In the church “Christmas” refers to a twelve day period that starts with Christmas Day.
This is the story of the origin of the lyrics of
The Twelve Days of Christmas
The world celebrates Christmas for 12 hours, but the Church celebrates it for
twelve days because the gift of Christ is with us for twelve months of the year
When most people hear of “The 12 days of Christmas” they think of the song.
The song had its origins as a teaching tool to instruct young people in the
meaning and content of the Christian faith.
From 1558 to 1829, Roman Catholics in England were not able to practice their faith openly so they had to find other ways to pass on their beliefs. They were prohibited from any practice of their faith by law – private or public. It was a crime to be a Catholic. “The Twelve Days of Christmas” was written in England as one of the “catechism songs” to help young Catholics learn the tenets of their faith – a memory aid, when to be caught with anything in “writing” indicating adherence to the Catholic faith could get you imprisoned… or worse.
The song’s GIFTS are hidden meanings to the teachings of the faith:
The “true love” doesn’t refer to an earthly suitor, but rather refers to God Himself. The “me” who receives the presents refers to a Christian.
1. The “partridge in a pear tree” is Jesus Christ, who died on a tree
as a gift from God.
2. The “two turtle doves” - the Old and New Testaments,another gift from God.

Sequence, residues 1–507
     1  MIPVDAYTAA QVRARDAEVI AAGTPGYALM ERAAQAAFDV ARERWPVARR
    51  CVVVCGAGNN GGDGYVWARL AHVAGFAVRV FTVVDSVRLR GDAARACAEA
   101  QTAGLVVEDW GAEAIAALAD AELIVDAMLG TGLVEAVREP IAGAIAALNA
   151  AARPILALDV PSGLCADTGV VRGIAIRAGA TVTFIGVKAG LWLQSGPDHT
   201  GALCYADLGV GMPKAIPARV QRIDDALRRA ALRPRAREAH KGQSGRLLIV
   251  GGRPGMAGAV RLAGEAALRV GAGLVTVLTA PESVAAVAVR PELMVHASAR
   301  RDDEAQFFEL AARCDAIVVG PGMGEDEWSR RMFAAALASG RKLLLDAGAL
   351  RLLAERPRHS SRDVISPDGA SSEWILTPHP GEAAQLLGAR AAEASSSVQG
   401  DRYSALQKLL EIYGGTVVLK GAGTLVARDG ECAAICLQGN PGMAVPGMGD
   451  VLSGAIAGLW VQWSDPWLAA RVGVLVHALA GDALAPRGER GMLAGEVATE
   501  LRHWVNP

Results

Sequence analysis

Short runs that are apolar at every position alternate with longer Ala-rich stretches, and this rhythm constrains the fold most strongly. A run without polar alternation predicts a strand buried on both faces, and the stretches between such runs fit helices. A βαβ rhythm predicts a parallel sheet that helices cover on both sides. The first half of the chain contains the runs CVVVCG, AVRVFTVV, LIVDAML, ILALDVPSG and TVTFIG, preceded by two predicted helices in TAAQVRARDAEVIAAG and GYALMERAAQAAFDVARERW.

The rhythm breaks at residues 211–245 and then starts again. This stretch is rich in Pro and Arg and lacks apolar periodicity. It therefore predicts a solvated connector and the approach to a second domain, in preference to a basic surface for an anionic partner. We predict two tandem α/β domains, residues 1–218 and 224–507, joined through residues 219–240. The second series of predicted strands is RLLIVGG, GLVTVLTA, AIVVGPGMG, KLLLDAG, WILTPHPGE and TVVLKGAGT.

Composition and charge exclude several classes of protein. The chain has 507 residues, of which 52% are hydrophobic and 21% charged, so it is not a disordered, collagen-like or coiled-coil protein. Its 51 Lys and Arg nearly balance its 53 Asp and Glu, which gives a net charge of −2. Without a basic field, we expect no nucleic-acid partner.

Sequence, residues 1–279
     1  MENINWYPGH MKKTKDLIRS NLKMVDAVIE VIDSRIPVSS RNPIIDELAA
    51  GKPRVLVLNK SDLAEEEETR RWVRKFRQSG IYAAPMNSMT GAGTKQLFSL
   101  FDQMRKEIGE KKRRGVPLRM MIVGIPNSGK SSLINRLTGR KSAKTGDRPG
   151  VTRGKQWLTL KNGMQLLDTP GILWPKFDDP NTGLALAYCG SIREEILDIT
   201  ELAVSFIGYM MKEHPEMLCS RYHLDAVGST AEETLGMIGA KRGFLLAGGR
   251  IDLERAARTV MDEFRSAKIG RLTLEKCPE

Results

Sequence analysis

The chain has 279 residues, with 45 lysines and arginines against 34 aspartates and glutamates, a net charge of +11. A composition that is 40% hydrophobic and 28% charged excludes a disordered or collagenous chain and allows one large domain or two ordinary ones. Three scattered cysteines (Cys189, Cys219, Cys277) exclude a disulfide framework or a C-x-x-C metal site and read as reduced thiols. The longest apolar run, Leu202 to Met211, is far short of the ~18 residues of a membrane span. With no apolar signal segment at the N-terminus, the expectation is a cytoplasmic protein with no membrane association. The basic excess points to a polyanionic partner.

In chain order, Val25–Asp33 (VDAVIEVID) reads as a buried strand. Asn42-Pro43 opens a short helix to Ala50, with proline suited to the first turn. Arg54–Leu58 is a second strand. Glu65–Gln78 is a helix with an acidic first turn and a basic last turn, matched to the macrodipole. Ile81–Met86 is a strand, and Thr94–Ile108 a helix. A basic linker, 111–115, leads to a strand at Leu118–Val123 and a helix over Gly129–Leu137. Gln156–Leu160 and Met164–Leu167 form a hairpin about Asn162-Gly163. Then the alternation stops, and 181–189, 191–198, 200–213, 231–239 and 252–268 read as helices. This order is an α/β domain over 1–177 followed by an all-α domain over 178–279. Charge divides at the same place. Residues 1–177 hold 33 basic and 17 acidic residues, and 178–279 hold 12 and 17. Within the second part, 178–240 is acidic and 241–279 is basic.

3. The “three French hens” - faith, hope and love –
the three gifts of the Spirit that abide (I Corinthians 13:13).
4. The “four calling birds” - the four Gospels that sing the song
of salvation through Jesus Christ.
5. The “five golden rings” - the first 5 books of the Bible, the “Books of Moses.” or Torah or Law.
6. The “six geese a-laying” - the six days of creation.
7. The “seven swans a-swimming” - “seven gifts of the Holy Spirit.”
(I Corinthians 12:8-11, Romans 12, Ephesians 4, I Peter 4:10-11)
8. The “eight maids a-milking” - the eight beatitudes.
9. The “nine ladies dancing” - nine fruits of the Holy Spirit.
10. The “ten lords a-leaping” - the Ten Commandments.
11. The “eleven pipers piping” - the eleven faithful disciples.
12. The “twelve drummers drumming” - the twelve points of the
Source: Anderson Independent-Mail newspaper, SC, Jan. 21, 1996,
Dr Wm. Hunter; article by Fr. Hal Stockert, Fishnet.